Tom and Jenny were also very unlucky to fall short of the silver medal threshold. In their cases it is the sheer proximity of the silver borderline which is so annoying. Gavin has been improving all year, and to have him stumble at the IMO was a surprise. Those of you who know Nathan will realise that he is a far stronger mathematician than these IMO marks would suggest. He is determined to harness his remarkable talent to much greater effect in the future.
The marks were as follows.
A gold medal was available for 29 points, a silver for 23 points, and a bronze for 14 points. Thus 9 extra marks, correctly distributed, would have secured two gold medals, two silvers and a bronze! However, it was not to be this year. Uncharacteristically ragged performances from Gavin and Nathan had the effect of depressing our position in the national rankings. If these two had each secured 20 marks (well within their capabilities almost all the time), then the UK total would have increased from 116 to 137 and our ranking would have been 14th rather than 27th.
The leading teams were: China 212, Russia 204, USA 171, Bulgaria 167, Vietnam 166, (South) Korea 163, Taiwan 161, Romania 157, India 156 and Germany 144. Only three students secured full marks (42). Two of these students were from China and one was from Russia. There was then a clear gap to a group of six students on 36 points. A student from New Zealand managed the stunning feat of securing a gold medal with 29 marks despite scoring 0 on the easiest question (Problem 1).
The UK was near the bottom of a close pack of moderately successful teams. There was a clear break between the 30th team (Singapore) on 112, and the 31st team (Argentina) on 96. There were 17 countries in the narrow range 112 through to 135 inclusive.
The monotonic decline in UK scores and ranking since 1996 has been halted and reversed. Our medals in 2002 were all strong, towards the top of the range. Four of the team are available for selection in 2003: Nathan Bowler, Jenny Gardner, Gavin Johnstone and Paul Jefferys will all still be in secondary education next year. Of course the team selection is not yet made, and these people must compete with other students who may emerge as leading young mathematicians before IMO 2003 in Tokyo. We are all determined to make the team of 2003 a serious force.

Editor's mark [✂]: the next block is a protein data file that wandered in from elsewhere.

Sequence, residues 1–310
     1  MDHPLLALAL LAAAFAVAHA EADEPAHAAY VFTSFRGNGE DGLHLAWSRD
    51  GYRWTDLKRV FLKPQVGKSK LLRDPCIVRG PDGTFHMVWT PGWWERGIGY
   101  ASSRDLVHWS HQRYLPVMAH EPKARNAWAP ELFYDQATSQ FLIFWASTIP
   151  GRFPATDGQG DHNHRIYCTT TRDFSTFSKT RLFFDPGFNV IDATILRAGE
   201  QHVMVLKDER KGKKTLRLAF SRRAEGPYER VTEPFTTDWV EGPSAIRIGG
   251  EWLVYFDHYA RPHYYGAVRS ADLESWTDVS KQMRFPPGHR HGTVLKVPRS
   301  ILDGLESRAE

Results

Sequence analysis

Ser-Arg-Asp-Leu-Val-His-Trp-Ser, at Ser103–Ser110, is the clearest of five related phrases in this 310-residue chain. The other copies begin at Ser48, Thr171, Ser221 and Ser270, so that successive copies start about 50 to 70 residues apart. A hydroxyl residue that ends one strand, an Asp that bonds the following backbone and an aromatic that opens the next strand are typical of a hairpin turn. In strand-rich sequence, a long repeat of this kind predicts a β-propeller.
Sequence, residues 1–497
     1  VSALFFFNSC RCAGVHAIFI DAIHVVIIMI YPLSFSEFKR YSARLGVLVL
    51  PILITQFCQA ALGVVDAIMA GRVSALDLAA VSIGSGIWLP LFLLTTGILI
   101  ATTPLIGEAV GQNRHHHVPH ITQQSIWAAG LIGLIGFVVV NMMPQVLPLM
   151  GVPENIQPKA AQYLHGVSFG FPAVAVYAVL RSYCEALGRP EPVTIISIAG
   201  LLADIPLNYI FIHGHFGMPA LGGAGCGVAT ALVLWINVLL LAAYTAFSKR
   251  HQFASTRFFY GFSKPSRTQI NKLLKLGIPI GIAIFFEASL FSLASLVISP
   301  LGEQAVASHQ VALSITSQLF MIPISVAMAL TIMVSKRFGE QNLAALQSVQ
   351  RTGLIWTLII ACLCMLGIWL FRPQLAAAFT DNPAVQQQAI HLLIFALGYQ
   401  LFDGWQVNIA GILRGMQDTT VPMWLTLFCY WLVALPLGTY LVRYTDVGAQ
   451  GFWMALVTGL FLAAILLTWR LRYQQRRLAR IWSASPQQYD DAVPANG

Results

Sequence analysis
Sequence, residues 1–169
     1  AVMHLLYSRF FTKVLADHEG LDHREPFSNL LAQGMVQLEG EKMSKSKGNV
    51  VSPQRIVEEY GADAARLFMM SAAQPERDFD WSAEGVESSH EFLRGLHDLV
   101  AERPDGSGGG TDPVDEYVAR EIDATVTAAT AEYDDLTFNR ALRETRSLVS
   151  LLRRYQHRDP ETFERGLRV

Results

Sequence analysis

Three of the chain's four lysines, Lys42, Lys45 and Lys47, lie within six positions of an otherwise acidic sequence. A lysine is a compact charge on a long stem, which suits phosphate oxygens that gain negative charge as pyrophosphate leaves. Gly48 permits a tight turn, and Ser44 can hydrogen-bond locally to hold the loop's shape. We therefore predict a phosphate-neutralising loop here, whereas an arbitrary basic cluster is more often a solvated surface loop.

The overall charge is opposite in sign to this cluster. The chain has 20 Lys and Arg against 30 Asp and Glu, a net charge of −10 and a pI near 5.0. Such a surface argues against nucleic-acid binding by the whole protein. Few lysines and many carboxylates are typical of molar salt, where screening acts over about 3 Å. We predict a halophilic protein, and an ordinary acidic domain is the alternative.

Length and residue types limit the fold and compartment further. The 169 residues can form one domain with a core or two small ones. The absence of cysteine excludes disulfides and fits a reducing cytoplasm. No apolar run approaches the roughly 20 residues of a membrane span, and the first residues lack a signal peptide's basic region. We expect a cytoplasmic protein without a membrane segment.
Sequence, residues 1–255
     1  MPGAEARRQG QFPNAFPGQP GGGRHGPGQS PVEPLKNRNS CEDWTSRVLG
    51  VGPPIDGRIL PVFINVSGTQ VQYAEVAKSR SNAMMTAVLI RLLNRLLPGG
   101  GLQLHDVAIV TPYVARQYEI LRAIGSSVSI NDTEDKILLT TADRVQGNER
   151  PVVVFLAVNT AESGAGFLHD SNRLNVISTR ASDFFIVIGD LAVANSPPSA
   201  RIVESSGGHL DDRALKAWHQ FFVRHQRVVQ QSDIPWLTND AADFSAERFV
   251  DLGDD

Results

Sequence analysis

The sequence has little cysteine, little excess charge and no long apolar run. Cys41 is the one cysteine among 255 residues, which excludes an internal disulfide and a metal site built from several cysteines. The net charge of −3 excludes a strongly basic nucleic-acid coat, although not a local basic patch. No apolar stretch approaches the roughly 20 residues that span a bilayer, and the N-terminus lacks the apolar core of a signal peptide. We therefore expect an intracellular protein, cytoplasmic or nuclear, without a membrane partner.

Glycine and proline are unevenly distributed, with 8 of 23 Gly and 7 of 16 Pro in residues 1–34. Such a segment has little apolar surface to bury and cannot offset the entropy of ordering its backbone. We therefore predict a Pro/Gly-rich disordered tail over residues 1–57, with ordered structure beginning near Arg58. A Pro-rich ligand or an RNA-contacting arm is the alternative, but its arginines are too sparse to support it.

There were very many people involved in training the UK team this year, and I thank them all. The performance of the students on the relatively easy questions is the reward for all that effort. Christopher Bradley and Adrian Sanders deserve special acknowledgement for their protracted involvement. Christopher provided us with a thick wad of geometry questions before he went into purdah as a member of the problems group. During training the squad always relished the chance to work on these.
Gavin and Nathan missed out in Glasgow, but have another chance in Tokyo. Each of them is a very talented mathematician, and stands a good chance of making the team in 2003. We knew from taking so many practice examinations that occasionally even very good students can have a bad exam at IMO level. All the students worked extremely hard, and the atmosphere in the team was excellent. I am sure that I speak for Richard and all the other trainers when I say that it was a pleasure to work with all the students who formed part of the UK squad throughout the year. This includes those students who dipped in and out of the squad, all of whom made important contributions both mathematically and in terms of morale. The achievements of the UK team in Glasgow must be shared among these wonderful young people. It would not be appropriate to list all their names, but I will single out Erica Thompson from Scotland. She was trimmed from our squad after the FST at Cambridge. She filled the IMO sized gap in her life by getting selected to represent the UK at both Biology and Physics. She secured a gold medal at the IBO (coming 5th in the world) in Latvia and a bronze medal at the IPhO in Bali. In Glasgow the IMO team were following her progress by text messages from Indonesia (“now we are going to see a volcano”).
Hannah Burton was a member of the UK IMO team in Washington. Every team at an IMO gets issued with a guide. Hannah took on that role in Glasgow, and looked after us very well. The social programme included excursions for the students, a trip on the Paddle Steamer Waverley on the Clyde estuary. On the last evening there was a party in a Glasgow night club (the Arches) which boasted a bucking bronco machine, a trampoline based game which involved hurling yourself upside down at a velcro wall wearing a sticky suit, and music played at volumes beyond the threshold of pain.
The IMO in Glasgow was a splendid event, and the new team uniform simplified dress issues at the ceremonies. The team met the Princess Royal in person, and each received a letter of support from the Prime Minister. Naturally the organization of such a large competition as the IMO places immense stress on the key organizers, but from the outside this was invisible. Angela Gould, Adam McBride, Peter Neumann and Robert Smart and their key advisers and assistants are to be congratulated on running such a marvellous event.